At some point during my early teens, we had Showtime or HBO or some such pay-cable channel. Whatever it was, they played Terry Gilliam’s Time Bandits over and over again. I was absolutely mesmerized by it. It was so weird and unlike anything I’d ever seen before. Its hero was a little boy and a bunch of little people and the story was full of fantasy so it seemed like it was made for children. Yet it was also very dark, weird, and adult feeling. Everyone talked really funny too, and I remember very specifically how strange the police sirens sounded. I realize now that comes from it being made in England and the rest is pure Gilliam.
I must have watched it a a couple of dozen times growing up and yet each time made me feel a little weird inside, like I didn’t want to watch it because it was so scary, but I couldn’t help but sit through it again because it was so fantastic.
I’ve since come to love a great many of Gilliam’s films. He’s had his fair share of misses, but I really admire that he’s always take great big swings even if that means that sometimes he fails. His sensibilities as a director are so original, so full of wonder, and so delightfully strange that I’m always on board with at least giving his movies my full attention.
It has been a very long time since I saw the Fisher King. I don’t remember much of it except that it is very dark, involves some (possibly imaginary) knights in armor, and that Robin Williams is a very hairy naked man. Oh, and I really liked it.
Criterion has done their usual amazing job of putting the film together with upgraded transfers and loads of extras to give viewers lots of insights into the making of the film. There are lots of interviews with Gilliam, Williams, and various other people who worked on the film. Plus, video essays, costume tests, and commentaries.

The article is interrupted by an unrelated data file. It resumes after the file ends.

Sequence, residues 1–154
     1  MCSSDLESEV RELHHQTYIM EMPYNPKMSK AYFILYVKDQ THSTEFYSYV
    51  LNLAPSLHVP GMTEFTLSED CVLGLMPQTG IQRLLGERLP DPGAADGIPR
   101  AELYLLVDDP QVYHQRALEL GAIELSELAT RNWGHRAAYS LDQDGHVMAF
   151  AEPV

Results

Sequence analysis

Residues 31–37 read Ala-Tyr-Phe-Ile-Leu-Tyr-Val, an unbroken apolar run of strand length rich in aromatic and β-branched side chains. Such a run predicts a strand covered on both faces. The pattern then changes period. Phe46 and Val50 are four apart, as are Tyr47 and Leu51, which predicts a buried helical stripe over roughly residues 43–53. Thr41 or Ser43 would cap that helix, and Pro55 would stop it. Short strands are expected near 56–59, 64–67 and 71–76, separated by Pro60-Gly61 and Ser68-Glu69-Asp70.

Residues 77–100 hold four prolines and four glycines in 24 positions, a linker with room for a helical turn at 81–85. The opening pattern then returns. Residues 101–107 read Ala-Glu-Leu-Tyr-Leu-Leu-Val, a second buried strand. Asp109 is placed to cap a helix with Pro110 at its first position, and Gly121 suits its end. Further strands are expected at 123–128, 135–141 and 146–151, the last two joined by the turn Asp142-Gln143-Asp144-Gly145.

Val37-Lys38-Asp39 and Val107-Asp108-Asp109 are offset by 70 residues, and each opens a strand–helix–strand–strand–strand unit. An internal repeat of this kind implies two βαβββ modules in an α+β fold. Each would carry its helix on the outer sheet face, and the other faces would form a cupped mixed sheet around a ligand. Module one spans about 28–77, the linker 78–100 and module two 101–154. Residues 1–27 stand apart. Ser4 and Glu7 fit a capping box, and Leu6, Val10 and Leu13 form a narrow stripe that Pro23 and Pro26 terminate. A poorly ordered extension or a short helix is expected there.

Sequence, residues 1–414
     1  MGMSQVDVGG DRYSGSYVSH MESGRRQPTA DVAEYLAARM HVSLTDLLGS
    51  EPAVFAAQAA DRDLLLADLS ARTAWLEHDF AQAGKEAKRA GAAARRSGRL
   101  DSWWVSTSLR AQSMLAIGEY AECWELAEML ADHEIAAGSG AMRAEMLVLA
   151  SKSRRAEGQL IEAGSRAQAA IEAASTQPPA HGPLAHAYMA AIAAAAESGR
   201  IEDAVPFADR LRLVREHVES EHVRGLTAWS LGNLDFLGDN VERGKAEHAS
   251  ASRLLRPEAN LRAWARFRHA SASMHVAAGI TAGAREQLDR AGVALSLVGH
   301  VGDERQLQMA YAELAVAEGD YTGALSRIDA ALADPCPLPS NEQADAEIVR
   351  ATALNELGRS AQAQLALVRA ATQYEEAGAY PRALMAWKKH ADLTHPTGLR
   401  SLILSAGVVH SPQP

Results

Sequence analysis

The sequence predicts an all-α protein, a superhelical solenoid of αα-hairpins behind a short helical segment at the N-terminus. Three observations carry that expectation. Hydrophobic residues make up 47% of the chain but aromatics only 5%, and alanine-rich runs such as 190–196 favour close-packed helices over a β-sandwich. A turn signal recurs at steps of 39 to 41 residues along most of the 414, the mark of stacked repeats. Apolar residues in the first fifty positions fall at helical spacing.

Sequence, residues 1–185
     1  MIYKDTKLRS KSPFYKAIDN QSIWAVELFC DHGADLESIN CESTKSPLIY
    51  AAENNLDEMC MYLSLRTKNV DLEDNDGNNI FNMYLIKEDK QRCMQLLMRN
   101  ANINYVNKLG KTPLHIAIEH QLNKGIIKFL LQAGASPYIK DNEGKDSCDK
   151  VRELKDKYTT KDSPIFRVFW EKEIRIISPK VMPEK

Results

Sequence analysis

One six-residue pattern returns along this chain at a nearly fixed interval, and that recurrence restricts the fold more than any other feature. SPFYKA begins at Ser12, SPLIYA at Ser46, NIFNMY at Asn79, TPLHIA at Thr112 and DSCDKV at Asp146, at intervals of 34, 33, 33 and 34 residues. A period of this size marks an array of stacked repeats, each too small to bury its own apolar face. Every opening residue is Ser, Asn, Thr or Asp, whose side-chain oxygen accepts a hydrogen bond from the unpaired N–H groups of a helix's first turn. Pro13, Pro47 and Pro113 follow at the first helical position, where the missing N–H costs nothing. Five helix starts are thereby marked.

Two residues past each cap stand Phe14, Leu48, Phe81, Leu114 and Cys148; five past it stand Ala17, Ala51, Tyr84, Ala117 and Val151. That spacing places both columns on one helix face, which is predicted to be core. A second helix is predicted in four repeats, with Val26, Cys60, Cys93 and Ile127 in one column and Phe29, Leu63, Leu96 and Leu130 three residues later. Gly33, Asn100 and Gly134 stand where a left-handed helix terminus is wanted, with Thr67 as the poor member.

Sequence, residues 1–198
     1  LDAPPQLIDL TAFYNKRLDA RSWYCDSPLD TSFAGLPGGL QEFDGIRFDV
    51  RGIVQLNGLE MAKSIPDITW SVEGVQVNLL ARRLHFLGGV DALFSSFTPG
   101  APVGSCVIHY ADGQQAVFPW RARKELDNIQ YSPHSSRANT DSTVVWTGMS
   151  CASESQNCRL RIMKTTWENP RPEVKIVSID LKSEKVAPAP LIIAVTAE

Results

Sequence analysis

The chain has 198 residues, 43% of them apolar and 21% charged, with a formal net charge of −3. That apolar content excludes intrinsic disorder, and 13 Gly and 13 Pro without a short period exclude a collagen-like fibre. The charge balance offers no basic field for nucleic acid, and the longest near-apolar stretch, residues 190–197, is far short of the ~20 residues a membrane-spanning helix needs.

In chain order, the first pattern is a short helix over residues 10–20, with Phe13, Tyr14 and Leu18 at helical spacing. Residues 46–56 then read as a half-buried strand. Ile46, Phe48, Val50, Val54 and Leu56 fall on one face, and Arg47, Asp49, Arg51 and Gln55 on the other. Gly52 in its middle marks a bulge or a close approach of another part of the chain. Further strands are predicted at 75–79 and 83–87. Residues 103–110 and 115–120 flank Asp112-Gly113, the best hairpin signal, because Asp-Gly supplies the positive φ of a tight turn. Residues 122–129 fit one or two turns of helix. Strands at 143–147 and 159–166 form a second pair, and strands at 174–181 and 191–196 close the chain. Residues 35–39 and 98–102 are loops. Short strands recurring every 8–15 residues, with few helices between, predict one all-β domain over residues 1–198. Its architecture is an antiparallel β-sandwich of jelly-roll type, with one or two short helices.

All in all, that’s more than enough to make The Fisher King my Pick of the Week.
Also out this week that looks interesting:
From the Vault: The Marquee Club Live in 1971: The Rolling Stones continue to cull their archives and come up with recordings from their remarkable career. This one comes from a (relatively short) show recorded for American TV audiences. It occurred just before the release of Sticky Fingers and features several songs from that classic album.
Ripper Street: Season Three: Demonstrating the power of the Internet, season three of this BBC crime drama only exists because fans took to social media decrying its cancellation after season two causing Amazon to take it up. You can read my review of the full season.
Survivor: Mila Jovovich stars as a Foreign Service Officer serving in the American Embassy in London tasked with stopping terrorists. After surviving an attack on the embassy. she is framed for the crime. It's a race against time to stop a large-scale attack on American soil. Also stars Pierce Brosnan, Dylan McDermott, Angela Bassett, and Robert Forster. Good cast, dumb plot. Could be fun. Read Chris Morgan's review.
The Forger: John Travolta stars as the world’s greatest art forger who makes a deal with a crime syndicate to get him out of prison. In return he must forge a Monet painting then switch it with the original. Christopher Plummer also stars as his dad. Neither of those guys are in their prime, but I love me some art-heist movies.
The Bridge (Criterion Collection:) The first major antiwar film to come out of Germany after WWII. Set near the end of the conflict, it follows a group of teenage boys in a small town as they deal with everyday matters before enlisting and having to defend their home in battle.